The feelings of alienation experienced by BAME students are described by Candice, a black, working-class student at Cambridge. She states that ‘you want to go to a good university but you don’t want to stick out like a sore thumb’. Such words encapsulate the extent to which the fear of not belonging deters BAME students from applying. However, the level of hardship experienced by BAME students who do manage to gain a place at Oxbridge goes beyond feelings of alienation.

Lamentably, incidents of racial prejudice are all too commonplace. Cambridge student Timi Sotire told Business Insider about having her afro ‘petted’ by fellow students. Such stories serve to portray Oxbridge as incredibly hostile and unwelcoming to BAME youngsters, and the intolerance of anyone from outside of the majority group will not change until levels of diversity increase. Stormzy is doing his bit to change this, and in doing so spark wider change by amplifying the need for reform within elite education.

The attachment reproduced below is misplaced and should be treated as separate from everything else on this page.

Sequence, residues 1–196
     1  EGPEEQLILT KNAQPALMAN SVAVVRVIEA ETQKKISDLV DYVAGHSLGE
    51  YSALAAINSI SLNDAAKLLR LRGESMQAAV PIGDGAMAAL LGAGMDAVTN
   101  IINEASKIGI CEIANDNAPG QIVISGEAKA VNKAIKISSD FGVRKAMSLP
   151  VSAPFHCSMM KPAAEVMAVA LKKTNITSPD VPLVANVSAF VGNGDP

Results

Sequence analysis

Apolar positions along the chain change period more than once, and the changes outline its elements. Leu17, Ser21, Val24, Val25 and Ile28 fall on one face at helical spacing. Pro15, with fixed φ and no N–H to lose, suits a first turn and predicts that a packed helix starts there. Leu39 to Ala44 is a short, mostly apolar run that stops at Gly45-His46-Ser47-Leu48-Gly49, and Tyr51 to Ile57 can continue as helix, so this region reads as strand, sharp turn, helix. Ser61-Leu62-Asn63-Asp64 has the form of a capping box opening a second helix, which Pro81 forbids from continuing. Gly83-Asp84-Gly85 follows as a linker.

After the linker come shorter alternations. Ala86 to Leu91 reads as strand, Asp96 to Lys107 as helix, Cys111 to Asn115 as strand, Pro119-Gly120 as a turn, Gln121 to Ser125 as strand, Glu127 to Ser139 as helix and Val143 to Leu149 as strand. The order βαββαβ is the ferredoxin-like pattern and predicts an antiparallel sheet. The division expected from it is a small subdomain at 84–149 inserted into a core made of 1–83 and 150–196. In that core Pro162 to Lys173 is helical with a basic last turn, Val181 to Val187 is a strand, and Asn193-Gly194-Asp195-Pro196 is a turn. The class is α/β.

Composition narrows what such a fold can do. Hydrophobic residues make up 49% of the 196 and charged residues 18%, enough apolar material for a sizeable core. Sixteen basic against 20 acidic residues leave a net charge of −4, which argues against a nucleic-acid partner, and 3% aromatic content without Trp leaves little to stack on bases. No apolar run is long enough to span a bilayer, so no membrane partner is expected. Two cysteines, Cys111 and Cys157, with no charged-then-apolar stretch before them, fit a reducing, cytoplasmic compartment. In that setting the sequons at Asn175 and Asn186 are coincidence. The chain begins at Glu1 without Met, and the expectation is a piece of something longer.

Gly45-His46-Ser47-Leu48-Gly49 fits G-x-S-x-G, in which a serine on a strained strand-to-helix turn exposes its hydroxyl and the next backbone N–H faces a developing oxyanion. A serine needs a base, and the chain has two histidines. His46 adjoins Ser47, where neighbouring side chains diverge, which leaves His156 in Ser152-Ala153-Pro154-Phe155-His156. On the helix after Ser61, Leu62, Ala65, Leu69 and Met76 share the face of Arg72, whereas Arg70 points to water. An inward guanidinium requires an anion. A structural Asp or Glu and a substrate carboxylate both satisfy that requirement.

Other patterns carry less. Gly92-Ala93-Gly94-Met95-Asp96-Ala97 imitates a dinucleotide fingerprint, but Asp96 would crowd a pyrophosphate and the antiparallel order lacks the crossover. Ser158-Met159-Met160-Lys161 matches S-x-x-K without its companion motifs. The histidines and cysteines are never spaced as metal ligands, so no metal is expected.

There is a notable lack of BAME representation within the political sphere. As it stands, the number of BAME MPs is at a record high, yet they still only make up 8% of the House of Commons. Through providing the necessary funding for talented young people to study at our top universities, Stormzy’s scholarships are not only redressing the racial imbalance in such institutions, but facilitating the possibility for similar change within the corridors of power.

Bringing the issues faced by aspirational BAME students into the public discourse is hugely important. Whilst issues such as alienation and racism dissuade young people from applying, they do not tell the whole story behind Oxbridge’s skewed admissions. Research by the Runnymede Trust has found that offer rates from Russell Group universities are still considerably lower for BAME students even when A-Levels are the same. Black students have 7% less chance of receiving an offer than their white counterparts, despite being equally qualified.